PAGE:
As the organisation prepares to launch its new 10-year strategy, Prof Crooks, Chief Executive Officer at DHI, explained how the focus of health and social care in Scotland must shift towards personal empowerment – where individuals have greater control over their health and care requirements through effective use of their data – made possible by advances in digital technology.

The vision involves the ongoing health needs of individual Scots being recorded in a data cloud accessible to themselves and those who need it, providing scope for targeted care on a round-the-clock basis. The data could even be used to predict when care might be needed before a problem manifests in such a way that the health need becomes urgent.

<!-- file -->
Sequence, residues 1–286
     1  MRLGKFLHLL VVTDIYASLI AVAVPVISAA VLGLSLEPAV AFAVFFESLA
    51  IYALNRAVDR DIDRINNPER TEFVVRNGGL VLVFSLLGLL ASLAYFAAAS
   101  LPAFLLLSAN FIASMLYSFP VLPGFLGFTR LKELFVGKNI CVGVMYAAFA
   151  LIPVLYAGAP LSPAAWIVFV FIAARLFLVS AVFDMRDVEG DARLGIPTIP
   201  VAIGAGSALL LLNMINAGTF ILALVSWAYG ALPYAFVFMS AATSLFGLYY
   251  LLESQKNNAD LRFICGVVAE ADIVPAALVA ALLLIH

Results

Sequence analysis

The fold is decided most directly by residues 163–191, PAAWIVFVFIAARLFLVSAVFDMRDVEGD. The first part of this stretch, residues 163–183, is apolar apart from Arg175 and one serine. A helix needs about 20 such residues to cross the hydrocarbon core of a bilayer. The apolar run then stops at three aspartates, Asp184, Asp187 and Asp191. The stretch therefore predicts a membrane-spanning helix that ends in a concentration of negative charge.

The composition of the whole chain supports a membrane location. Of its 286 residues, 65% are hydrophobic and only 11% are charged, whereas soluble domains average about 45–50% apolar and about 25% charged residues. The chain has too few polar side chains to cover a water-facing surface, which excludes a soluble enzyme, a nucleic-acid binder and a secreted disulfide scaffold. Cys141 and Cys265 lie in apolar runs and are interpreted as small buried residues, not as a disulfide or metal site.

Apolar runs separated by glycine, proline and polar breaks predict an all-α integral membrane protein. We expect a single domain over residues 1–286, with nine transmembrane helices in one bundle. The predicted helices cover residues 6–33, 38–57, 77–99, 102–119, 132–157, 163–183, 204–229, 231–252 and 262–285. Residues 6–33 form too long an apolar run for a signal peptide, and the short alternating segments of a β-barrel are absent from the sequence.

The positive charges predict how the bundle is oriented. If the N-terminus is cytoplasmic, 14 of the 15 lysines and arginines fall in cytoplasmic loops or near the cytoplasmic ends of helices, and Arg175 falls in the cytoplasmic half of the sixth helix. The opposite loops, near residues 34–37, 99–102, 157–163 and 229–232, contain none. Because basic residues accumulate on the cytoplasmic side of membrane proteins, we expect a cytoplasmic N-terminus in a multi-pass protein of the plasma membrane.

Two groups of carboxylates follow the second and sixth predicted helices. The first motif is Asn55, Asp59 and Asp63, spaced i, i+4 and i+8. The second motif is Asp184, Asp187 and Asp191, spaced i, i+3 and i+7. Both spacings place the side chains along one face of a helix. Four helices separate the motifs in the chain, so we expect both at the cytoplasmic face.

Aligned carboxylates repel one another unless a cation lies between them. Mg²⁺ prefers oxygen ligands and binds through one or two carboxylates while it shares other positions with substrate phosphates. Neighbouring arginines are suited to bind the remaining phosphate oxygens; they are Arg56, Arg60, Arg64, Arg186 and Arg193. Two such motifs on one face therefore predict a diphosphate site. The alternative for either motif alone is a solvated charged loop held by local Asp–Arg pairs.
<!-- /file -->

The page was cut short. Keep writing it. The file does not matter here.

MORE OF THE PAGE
Professor Crooks, who began his medical career in 1977, said: “Growing waiting lists, ageing populations, difficulties recruiting staff, and a workforce that is still feeling the impact of pandemic and pressures of the health and care system are the realities in Scotland – but they are also global challenges not unique to this country. Demand is outstripping capacity and there has never been a greater urgency to do things differently. 

“Scotland’s medical model of care, that has served us very well for the past 150 years, is no longer fit for purpose in the 21st Century. We must move away from our existing approach to one where we listen to, activate, and empower our citizens to make better informed health and wellbeing choices supported by resources in their communities.